Petersen, it is announced that the Mighty Wurlitzer organ which was originally created for Cincinnati's
Albee Theatre, would be refurbished and installed in Music Hall's Ballroom, where a number of pieces from the Albee decorate
2009 The Albee Mighty Wurlitzer Organ is dedicated in a
standing-room-only concert on Saturday, November 28th.
Music Hall Revitalization Committee is formed with Cincinnati business entrepreneur
Jack Rouse at the
helm to oversee needed structural improvements to Music Hall.
(formerly Polshek Partnership) of New York City was chosen as the
design architect for the $100-million revitalization of Cincinnati's historic Music Hall
The Community Counseling Service Company, LLC, a fundraising consulting and management firm, will provide philanthropic
support for the revitalization effort.
2012 The Music Hall Revitalization Committee holds public sessions on the plan to renovate Music Hall.
to begin in spring of 2013. Public meetings are held in January in which hundreds voice their disapproval
of the plans, in particular those that remove the chandelier from the auditorium and reduce seating.
Cincinnati icon and philanthropist Louise Nippert dies just shy of her 101st birthday. Mrs. Nippert was devoted to
the arts and was a generous supporter of music and Music Hall in Cincinnati. She was also one of the initial Trustees
Jack Rouse resigns as head of MHRC in May and is replaced by Otto M. Budig, Jr.
President Barack Obama attends the first town hall meeting of the 2012 campaign season,
held in the Music Hall Ballroom.
In December, the City of Cincinnati and the Music Hall Revitalization Company (MHRC) reach an agreement on
a lease of the building, with an eye to easing the work needed to fund renovation of the structure.
Under the agreement, MHRC will lease the building for 75 years, and pay all operating and maintenance expenses.
2013 The first LumenoCity event is held in renovated Washington Park, on August 3 and 4,
Louis Langrée as the new music director of the Cincinnati Symphony Orchestra.
The event featured a specially-designed lightshow on the facade of Music Hall and is an overwhelming
success, drawing 35,000 people.
The Music Hall Revitalization Company announces it will partner with 3CDC (Cincinnati Center City
Development Company) for the renovation work on Music Hall, with 3CDC acting as project manager.
A revised timeline for the revitalization is developed, with work targeted to start in June 2016.
2014 In June, the National Trust for Historic Preservation adds Music Hall to its list of
most endangered historic places.
Hamilton County Commissioners decide that funding for Music Hall's revitalization will not be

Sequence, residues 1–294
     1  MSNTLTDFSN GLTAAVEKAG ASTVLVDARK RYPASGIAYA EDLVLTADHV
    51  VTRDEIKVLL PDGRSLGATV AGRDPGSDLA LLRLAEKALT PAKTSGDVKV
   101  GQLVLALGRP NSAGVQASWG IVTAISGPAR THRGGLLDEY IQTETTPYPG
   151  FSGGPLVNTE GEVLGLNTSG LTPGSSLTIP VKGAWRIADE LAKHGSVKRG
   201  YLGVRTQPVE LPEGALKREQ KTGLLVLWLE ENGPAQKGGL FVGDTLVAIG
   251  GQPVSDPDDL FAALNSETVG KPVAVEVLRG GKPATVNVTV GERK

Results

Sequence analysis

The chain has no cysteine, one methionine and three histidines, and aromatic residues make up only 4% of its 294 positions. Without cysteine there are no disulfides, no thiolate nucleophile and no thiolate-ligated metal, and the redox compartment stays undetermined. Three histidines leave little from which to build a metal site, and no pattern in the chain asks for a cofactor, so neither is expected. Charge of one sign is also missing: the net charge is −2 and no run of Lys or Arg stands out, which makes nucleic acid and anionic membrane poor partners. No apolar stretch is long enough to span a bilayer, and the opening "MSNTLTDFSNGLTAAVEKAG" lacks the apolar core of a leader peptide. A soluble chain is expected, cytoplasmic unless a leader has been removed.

included in a proposed ''Icon Tax'' levy, and the MHRC redoubles its efforts to find new funding for
The year closes out with good news, as the State of Ohio awards Music Hall with a one-time historic
tax credit totalling $25 million.
2015 Fundraising for the revitalization of Music Hall is given a huge boost,
$10 million gift from the Lindner family.
Phase I structural work is completed over the summer.
A new design team and an acoustics firm are announced for the project, which is now estimated to run
$129 million. The design team is comprised of two architectural firms: Martinez + Johnson Architecture,
a Washington, DC, firm, and Perfido Weiskopf Wagstaff + Goettel, Pittsburgh. Messer Construction is hired
as construction manager.
The Cincinnati Symphony Orchestra, May Festival, and Cincinnati Opera and other Music Hall tenants
begin the arduous task of packing up everything, in order to vacate Music Hall by the end of the year.
The task includes packing up
the the 140-year-old orchestra library and moving all music to a temporary home at the Public Library
of Cincinnati and Hamilton County's main brand downtown.
2016 Performances continue in Music Hall's Springer Auditorium through May
while construction work continues during the daytime.
In January, the SPMH Board of Directors votes to gift the renovation campaign with $3 million, made
possible by the Corbett Foundation. The project is now estimated to cost $135 million.
In March, work under the stage uncovered skeletons. The remains were identified as human, and
respectfully moved to a final resting place in Spring Grove Cemetery, along with many bones uncovered
during previous construction work.
In May, the final ''pre-construction'' SPMH Wurlitzer Concert is held in the ballroom.
After the final May Festival performance on Saturday, May 28, Music Hall is officially closed for renovation.
A work session is held Sunday, May 29, to remove hundreds of seats donated to the Sorg Opera House in Middletown.
At the SPMH Annual Meeting on September 13, held off-site for the first time the organization's history,
Stephen Leeper, 3CDC's President and Chief Executive Officer, details for SPMH members the work that
is underway, as well as expected revisions in design for Corbett Tower, the specific beneficiary of
the SPMH donation toward Music Hall's renovation.